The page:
Past Exhibitions


View photographs and learn more about past exhibitions at The Noguchi Museum and other institutions around the world.

Matrix code: 
Highlights from the Collection
Wednesday, November 17, 2010 - Sunday, April 24, 2011

Complimenting the Museum’s permanently installed lower levels, selections from the Museum’s Permanent Collection are now on view in the upstairs galleries.  Artworks featured include select Paris Abstractions, interlocking sculptures, Peking Brush Drawings, and cast bronzes.

California Scenario: The Courage of Imagination
Wednesday, May 19, 2010 - Sunday, October 24, 2010

In celebration of the 30th Anniversary of Noguchi’s landscape project California Scenario, located in Costa Mesa, California, the Noguchi Museum presents an exhibition documenting its conception and realization. Initially approached in 1980 to create a fountain for a corporate park by the developer Henry T. Segerstrom, Noguchi expanded the project to become one of his most fully-integrated landscape compositions. Inhabiting 1.6 acres, Noguchi’s vision of the highly diverse terrain of California, his birthplace, is achieved through seven large-scale sculptural elements as well as a careful selection of local flora whose steady growth has resulted in a presence equal to the corresponding manmade elements. The project will be represented by photographs, both old and new, video documentation, as well as a newly commissioned model that will be situated alongside the original plan by Noguchi.

Noguchi ReINstalled
Wednesday, June 17, 2009 - Sunday, October 24, 2010

To formally commemorate the reopening of The Isamu Noguchi Foundation and Garden Museum in its completely renovated state, the Museum will present Noguchi ReINstalled. While the Museum’s first floor galleries and indoor/outdoor space have remained relatively unchanged, this exhibition will mark the first time the Permanent Collection will be on view in its entirety since the spring of 2002. Through consultation of the Museum’s vast photographic archives, every effort will be made to present the collection as close to Noguchi’s original intentions as possible. By June 17, a number of objects loaned to exhibitions abroad will also be returned to their intended configuration in the Museum’s galleries and garden. A number of recent acquisitions to the Museum’s collections, including a recently fabricated model reproducing Noguchi’s ambitious design for the five-acre site at the Billy Rose Sculpture Garden in Jerusalem from 1960 – 1965 will also be on view.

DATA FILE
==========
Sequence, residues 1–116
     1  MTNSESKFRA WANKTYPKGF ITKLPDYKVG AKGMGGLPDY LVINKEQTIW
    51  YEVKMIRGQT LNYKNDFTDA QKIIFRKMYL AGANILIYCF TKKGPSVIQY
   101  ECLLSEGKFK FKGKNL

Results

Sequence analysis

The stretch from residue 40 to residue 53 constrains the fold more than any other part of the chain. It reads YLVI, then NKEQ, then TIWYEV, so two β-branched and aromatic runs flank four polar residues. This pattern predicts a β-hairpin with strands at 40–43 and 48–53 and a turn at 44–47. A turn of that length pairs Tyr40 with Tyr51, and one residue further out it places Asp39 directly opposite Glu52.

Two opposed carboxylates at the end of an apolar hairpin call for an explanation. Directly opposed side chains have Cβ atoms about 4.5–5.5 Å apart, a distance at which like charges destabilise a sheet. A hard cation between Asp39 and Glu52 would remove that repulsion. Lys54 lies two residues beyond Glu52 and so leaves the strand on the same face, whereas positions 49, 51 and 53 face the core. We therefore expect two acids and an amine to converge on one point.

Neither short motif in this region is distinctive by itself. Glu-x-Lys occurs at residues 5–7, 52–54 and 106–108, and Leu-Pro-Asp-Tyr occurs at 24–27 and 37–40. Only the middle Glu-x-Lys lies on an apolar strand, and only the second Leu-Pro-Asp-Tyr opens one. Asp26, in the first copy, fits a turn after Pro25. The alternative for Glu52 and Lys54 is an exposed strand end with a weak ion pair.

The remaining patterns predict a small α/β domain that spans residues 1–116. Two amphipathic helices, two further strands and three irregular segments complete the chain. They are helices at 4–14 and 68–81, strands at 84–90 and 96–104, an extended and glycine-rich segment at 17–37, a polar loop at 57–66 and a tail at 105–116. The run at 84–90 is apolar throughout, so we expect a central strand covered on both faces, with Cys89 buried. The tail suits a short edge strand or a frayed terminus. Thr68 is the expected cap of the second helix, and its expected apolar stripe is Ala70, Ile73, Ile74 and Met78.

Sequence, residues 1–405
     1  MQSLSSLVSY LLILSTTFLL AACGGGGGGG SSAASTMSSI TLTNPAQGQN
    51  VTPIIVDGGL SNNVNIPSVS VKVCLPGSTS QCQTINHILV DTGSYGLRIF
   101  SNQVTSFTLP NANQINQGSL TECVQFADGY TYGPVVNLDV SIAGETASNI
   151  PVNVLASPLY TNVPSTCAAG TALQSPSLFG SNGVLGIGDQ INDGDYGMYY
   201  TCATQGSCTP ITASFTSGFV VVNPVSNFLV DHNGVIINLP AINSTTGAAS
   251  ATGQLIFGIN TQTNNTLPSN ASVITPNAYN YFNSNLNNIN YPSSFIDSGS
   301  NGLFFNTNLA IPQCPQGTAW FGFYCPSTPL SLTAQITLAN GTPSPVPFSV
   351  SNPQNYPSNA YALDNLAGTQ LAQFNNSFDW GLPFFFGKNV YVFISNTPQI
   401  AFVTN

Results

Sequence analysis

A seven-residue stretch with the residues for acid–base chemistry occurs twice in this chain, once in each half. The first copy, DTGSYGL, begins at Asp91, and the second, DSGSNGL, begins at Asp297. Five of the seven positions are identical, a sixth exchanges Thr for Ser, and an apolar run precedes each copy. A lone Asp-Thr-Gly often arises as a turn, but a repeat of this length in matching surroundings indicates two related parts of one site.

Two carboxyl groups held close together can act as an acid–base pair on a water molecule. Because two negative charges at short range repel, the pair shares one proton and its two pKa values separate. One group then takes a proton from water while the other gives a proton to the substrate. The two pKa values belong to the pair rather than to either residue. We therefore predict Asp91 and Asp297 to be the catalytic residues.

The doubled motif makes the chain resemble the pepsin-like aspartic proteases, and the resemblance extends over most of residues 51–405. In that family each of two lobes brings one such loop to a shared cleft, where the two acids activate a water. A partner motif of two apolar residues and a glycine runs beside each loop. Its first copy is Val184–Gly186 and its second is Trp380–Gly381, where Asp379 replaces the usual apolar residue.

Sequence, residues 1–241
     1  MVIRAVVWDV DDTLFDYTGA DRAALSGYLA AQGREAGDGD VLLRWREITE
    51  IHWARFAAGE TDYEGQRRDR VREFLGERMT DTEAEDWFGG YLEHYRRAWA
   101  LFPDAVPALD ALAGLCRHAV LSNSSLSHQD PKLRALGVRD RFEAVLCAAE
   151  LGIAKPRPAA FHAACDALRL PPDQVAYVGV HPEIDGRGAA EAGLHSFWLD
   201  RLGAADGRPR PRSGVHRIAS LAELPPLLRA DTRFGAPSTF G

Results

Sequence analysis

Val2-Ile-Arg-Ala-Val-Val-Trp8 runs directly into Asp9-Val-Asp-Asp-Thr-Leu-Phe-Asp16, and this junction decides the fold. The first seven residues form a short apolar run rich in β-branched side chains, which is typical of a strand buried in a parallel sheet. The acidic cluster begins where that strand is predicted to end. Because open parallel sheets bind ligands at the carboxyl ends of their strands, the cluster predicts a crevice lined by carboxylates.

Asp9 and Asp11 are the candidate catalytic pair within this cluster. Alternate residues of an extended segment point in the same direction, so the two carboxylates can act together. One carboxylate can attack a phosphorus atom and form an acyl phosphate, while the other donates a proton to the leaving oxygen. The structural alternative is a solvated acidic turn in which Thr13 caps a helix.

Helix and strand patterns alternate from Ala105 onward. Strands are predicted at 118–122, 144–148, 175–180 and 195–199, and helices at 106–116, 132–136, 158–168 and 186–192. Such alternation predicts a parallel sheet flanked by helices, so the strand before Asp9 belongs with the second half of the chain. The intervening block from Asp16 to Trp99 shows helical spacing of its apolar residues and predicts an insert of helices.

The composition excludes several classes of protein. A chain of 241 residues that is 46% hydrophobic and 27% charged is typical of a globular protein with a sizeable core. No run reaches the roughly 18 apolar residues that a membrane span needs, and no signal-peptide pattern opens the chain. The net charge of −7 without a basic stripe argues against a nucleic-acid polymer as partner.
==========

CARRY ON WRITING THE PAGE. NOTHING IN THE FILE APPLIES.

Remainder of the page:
Isamu Noguchi, Between East and West
Sunday, June 27, 2010 - Sunday, September 26, 2010

This is the first time that Noguchi's work is being presented in Greece. The exhibition, which will be held at the Museum of Contemporary Art, Andros, through September 26, 2010, will feature a total of 76 works, including 42 sculptures, 34 drawings and preliminary sketches, and a series of photographs documenting stage sets designed by the artist for various performances, as well as public works realized across Europe, Asia and the United States.

Learn more from the Museum of Contemporary Art, Andros, Greece.

NEXUS NEW YORK: Latin/American Artists in the Modern Metropolis
Saturday, October 17, 2009 - Sunday, February 28, 2010

Noguchi's portrait of the painter Jose Orozco is included in a survey exhibition of Caribbean and Latin American artists who pursued careers in New York at El Museo del Barrio, New York. This exhibition marks El Museo del Barrio's first exhibition in its newly renovated space. Visit for more information.

From Plaster to Stone
Monday, May 25, 2009 - Sunday, August 30, 2009

On view at The Noguchi Museum March 25 – August 30, 2009 Beginning in the 1940s, Isamu Noguchi began using small paper models as an aid in creating his larger biomorphic sculptures. Noguchi continued this practice for the rest of his career, using plaster maquettes to envision larger stone or metal works, often including penciled instructions on them to guide different technical effects. In this small exhibition created in conjunction with The Noguchi Museum’s Education Department, a selection of Noguchi’s maquettes is presented with photographs and finished sculptures to illustrate both Noguchi’s faithfulness to his original ideas and his flexibility in response to the unpredictable nature of stone.